THE parents of a man who died in a freak railway accident have launched a campaign in an attempt to ensure the same thing can never happen again.
Simon Slade, 33, was killed after falling between a train and a station platform. He was found, still conscious, 40 minutes later after a further three trains had passed through.
He died of his injuries less than an hour later.
Mr Slade was brought up in Walthamstow and had worked locally as a carpet fitter. He later moved to Woodford and had recently landed a new job working as a forensic crime scene examiner for the Metropolitan Police.
The accident happened at Gidea Park station, near Romford, after a night out with his new colleagues to celebrate buying a new flat in Brentwood, Essex.
Mr Slade had drunk six beers during the evening, but his parents argue that at 6ft 4ins tall and 15 stone he would not have been too badly affected by the alcohol.
He ran alongside his friends' train as it pulled away, but lost his footing and fell onto the tracks.
The inquest into his death heard that the One Railway employee in charge of ensuring the train left the station safely was answering a call in his office. He stayed there unaware that Mr Slade lay dying outside because he was too intimidated to be out on the platform alone at night.
Mr Slade's lungs, head and all four limbs were severely injured. He was only found when a security worker on the platform heard his moans. He died in the early hours of January 11 last year.
The inquest jury returned a verdict of accidental death, ruling out unlawful killing.
Simon's parents, George and Jean Slade, have founded Mind That Gap to lobby rail operators and the Government to tighten safety on Britain's railways.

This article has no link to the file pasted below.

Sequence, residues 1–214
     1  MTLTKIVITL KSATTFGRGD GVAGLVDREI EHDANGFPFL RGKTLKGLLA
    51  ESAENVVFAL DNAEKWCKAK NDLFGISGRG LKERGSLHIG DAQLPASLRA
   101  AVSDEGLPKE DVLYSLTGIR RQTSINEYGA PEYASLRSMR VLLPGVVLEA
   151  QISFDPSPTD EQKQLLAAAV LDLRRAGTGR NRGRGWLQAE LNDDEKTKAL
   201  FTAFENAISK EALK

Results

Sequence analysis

Mrs Slade says local stations are unsafe. She said: "Highams Park, Wood Street, St James's Street, they all have massive gaps between the carriages and the platforms.
"A mother only has to let go of a child's hand for a split second and it could happen again.
"It is the most awful thing you could ever in your life imagine happening. We've got to make a change."
Her husband says passengers must be alerted to dangerous gaps with signs and announcements, as they are at Tube stations such as Bank. He also argues that stations should be properly staffed at all times, and wants to see US-style rubbing boards' extending from the platform edge to make it impossible for people to fall through the gap.
Mr Slade said: "Simon was a big bloke. If that gap had been reduced by a couple of inches I wouldn't be talking about this now.
"Regulations only measure the space between the platform and the step, but it's bigger between the platform and the body of the carriage."
Simon Slade was single and had two brothers, David, aged 41, and Matthew, aged 28.
For more on the campaign, visit mindthatgap.com or email email@example.com